The Works of Alexander Pope: Esq. with Notes and Illustrations by Himself and Others. To which are Added, a New Life of the Author, an Estimate of His Poetical Character and Writings, and Occasional Remarks, Том 9

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Requesting him to call upon Mr L concern ing the Iliad
371
Mentioning a time for their meeting
372
Of a benefaction Dr Arbuthnots directions against the plague
373
Uneasiness concerning something reported to have been said by him at Sir R Walpoles
375
Of Dr Swift
376
Requests Mr Fortescue to procure him an es tate in Devonshire
377
Mrs Popes illness
378
Concerning his sisters affairs
379
His apprehensions on hearing of Mr Fortes cues illness
380
Letter Page XXV An account of Mrs Popes accident
381
Inviting him to meet Mr Gay
382
Requests his silence concerning the Essay on Man on Lady Marys libel upon him
383
Concerning his sisters affairs
384
Requesting him to convey a letter to Mrs Howard
385
An account of Mrs Popes illness
386
Regrets not seeing him oftener imitation of Horace
387
After visiting town 888
388
Written on the day of Mrs Popes death
390
On Mrs Blounts affairs
391
Concerning Mr Gay Lady Marys libel
392
Proposing to visit him with Mrs Blounts party
394
On Mrs Blounts affairs
395
Expressing his pleasure at returning to Twickenham
396
Concerning Mrs Blounts affairs
397
Complaining of a cold
398
Kindness of Sir R Walpole
399
Concerning the piracy of Mr Popes Works requests Mr Fortescue to send his letters to him
400
Visits of his friends
402
On Curlls affair
403
On the same occasion
404
Previous to a journey inviting Mr Fortes
409
Intention of visiting Lord Cornbury
415
ºrrºrs To MRs NEwsHAM MR AND MRs KNIGHT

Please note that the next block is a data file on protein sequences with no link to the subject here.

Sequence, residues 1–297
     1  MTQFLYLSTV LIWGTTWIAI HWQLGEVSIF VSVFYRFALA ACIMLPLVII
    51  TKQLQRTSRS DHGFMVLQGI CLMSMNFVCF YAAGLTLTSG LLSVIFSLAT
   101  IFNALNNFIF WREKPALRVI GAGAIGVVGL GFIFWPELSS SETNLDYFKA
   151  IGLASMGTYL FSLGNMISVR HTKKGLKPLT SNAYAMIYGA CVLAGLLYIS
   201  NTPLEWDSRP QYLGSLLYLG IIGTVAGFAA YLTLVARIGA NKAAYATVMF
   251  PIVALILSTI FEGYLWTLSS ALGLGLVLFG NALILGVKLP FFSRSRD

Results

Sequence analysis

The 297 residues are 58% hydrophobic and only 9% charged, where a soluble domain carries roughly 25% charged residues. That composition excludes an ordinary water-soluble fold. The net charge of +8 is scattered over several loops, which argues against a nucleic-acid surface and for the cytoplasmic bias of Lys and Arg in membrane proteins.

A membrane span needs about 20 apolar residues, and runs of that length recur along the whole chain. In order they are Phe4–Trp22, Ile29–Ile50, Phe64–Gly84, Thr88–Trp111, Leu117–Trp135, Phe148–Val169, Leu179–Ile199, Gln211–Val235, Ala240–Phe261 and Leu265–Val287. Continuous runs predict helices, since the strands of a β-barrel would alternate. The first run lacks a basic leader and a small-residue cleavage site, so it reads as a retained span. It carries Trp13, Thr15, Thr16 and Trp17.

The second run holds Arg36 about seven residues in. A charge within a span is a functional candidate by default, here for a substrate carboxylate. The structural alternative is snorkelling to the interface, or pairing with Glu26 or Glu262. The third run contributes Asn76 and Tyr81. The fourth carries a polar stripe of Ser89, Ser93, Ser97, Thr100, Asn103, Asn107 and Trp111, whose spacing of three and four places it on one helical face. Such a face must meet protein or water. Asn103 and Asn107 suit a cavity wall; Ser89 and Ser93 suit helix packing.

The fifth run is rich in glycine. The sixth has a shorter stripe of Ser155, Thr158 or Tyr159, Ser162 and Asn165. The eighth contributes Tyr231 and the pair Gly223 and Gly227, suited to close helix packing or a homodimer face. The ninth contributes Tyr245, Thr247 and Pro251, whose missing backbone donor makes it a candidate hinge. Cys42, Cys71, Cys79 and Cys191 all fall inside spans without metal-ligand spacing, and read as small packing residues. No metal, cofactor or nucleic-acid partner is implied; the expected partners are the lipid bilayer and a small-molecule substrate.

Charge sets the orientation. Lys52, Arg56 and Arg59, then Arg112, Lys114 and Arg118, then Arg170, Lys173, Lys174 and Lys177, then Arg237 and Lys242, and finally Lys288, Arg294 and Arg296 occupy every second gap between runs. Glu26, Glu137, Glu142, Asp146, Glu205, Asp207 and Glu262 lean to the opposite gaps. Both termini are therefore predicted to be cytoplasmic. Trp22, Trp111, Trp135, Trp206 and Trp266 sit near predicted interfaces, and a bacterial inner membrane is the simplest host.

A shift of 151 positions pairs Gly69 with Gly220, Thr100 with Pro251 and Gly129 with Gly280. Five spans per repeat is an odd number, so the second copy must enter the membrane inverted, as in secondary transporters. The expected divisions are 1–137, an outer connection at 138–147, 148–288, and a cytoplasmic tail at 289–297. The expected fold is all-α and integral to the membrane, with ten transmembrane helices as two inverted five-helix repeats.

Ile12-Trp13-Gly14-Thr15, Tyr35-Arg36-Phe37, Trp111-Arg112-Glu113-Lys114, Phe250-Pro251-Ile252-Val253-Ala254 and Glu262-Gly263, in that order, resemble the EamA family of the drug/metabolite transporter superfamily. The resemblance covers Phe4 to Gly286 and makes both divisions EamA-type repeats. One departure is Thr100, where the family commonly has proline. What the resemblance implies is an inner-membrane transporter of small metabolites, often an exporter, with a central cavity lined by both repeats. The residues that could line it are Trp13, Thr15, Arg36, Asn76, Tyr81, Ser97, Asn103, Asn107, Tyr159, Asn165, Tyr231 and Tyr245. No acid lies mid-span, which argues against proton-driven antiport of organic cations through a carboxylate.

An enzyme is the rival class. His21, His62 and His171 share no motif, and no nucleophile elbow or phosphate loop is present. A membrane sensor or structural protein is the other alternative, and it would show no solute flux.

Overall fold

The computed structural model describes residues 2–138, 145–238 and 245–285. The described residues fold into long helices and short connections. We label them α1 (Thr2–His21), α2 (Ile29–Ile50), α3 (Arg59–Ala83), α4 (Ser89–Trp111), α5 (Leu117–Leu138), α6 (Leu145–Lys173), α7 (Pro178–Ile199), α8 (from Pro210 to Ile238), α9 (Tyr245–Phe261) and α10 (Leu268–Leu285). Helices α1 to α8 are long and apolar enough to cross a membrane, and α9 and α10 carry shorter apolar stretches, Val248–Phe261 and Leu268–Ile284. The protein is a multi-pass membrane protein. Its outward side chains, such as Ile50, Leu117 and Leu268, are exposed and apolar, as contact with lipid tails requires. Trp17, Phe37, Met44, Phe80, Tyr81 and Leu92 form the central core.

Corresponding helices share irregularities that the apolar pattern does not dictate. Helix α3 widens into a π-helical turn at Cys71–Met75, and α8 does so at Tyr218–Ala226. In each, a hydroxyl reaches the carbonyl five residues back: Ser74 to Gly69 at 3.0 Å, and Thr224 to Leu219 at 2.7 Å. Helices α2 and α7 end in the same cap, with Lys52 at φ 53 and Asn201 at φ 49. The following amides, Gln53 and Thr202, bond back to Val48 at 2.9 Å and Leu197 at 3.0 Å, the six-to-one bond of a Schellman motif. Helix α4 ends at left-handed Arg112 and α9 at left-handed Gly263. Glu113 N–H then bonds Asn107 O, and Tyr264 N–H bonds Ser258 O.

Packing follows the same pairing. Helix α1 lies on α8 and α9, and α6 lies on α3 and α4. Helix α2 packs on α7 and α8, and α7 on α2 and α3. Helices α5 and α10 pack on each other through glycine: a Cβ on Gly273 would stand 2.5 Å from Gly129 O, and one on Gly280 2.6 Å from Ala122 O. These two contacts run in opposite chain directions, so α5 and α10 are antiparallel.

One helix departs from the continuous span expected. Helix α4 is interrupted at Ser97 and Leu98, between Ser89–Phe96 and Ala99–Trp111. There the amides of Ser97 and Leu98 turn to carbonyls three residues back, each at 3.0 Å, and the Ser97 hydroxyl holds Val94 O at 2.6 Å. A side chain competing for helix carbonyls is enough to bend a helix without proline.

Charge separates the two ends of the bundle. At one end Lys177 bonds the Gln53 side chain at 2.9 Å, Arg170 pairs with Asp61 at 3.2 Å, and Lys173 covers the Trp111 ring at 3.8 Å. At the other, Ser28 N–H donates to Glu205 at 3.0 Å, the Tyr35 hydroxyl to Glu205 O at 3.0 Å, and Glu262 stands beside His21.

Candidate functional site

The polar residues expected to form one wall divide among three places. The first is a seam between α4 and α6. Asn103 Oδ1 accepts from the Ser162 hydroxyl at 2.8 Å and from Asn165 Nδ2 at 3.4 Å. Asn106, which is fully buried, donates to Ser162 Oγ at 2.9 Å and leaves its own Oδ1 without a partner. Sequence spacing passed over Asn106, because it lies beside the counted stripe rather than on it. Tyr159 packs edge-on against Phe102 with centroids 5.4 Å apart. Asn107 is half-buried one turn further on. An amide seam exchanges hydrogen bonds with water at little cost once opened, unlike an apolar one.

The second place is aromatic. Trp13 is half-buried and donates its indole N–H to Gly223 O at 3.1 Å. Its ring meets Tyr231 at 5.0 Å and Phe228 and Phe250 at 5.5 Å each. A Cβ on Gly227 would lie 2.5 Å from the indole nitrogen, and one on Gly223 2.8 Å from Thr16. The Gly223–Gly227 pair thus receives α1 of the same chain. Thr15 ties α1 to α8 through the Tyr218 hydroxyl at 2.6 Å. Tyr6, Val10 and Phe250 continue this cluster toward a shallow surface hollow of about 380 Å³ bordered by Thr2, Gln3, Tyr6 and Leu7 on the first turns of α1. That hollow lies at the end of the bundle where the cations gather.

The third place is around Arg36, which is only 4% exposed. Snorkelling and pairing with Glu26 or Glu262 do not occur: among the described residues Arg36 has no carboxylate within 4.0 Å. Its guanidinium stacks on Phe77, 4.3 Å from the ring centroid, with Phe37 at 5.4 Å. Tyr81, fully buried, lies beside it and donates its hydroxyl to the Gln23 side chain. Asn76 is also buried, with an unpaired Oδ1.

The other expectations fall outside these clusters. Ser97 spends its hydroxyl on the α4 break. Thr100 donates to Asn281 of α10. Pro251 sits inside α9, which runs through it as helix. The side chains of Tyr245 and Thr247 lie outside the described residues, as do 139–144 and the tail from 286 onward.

423
To John Knight Esq concerning
425
To Mrs Knight Of some curiosities
443
To the same Concerning a living for
449
A LETTER TO A NOBLE LORD
459

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Стр. 230 - His figure was beautiful ; but his manner was irresistible, by either man or woman. It was by this engaging, graceful manner, that he was enabled, during all his war, to connect the various and jarring powers of the Grand Alliance, and to carry them on to the main object of the war, notwithstanding their private and separate views, jealousies, and wrongheadednesses.
Стр. 99 - I am confident it is the prettiest kind of white soul in the universe. But I forget whom I am talking to ; you may possibly by this time believe, according to the prophet, that you have none ; if so, show me that which comes next to a soul ; you may easily put it upon a poor ignorant Christian for a soul, and please him as well with it ; — I mean your heart ; — Mahomet, I think, allows you hearts ; which (together with fine eyes and other agreeable equivalents), are worth all the souls on this...
Стр. 70 - I no longer look upon Theocritus as a romantic writer ; he has only given a plain image of the way of life amongst the peasants of his country...
Стр. 225 - English stages, and it is only by a blind confidence in the reputation of Milton that a drama can be praised in which the intermediate parts have neither cause nor consequence, neither hasten nor retard the catastrophe.
Стр. 238 - I do."—" If you do, my lord, it is but lately. May I beg to know what new light or arguments have prevailed with you now, to entertain an opinion so contrary to that which you entertained of that book all the former part of your life ?"—The...
Стр. 283 - It would have been ridiculous to suppose you ignorant of it : I cannot think, you need be told, that it meant you no harm ; — and it had...
Стр. 110 - He showed where stood the triple rows of butts of sack, and where were ranged the bottles of tent for toasts in the morning.
Стр. 106 - I did not value you more than any, nay every body else there ; and you'll be convinced how little the town has engaged my affections in your absence from it, when you know what a place this is which I prefer to it ; I shall therefore describe it to you at large, as the true picture of a genuine ancient country-seat. You must expect nothing regular...
Стр. 71 - Turk is very different from what is spoke at court, or amongst the people of figure; who always mix so much Arabic and Persian in their discourse, that it may very well be called another language. And 'tis as ridiculous to make use of the expressions commonly used, in...
Стр. 103 - Such an one can't but be desperately fond of any creature that is quite different from these. If the Circassian be utterly void of such honour as these have, and such virtue as these boast of, I am content. I have detested the sound of honest woman, and loving spouse, ever since I heard the pretty name of Odaliche.

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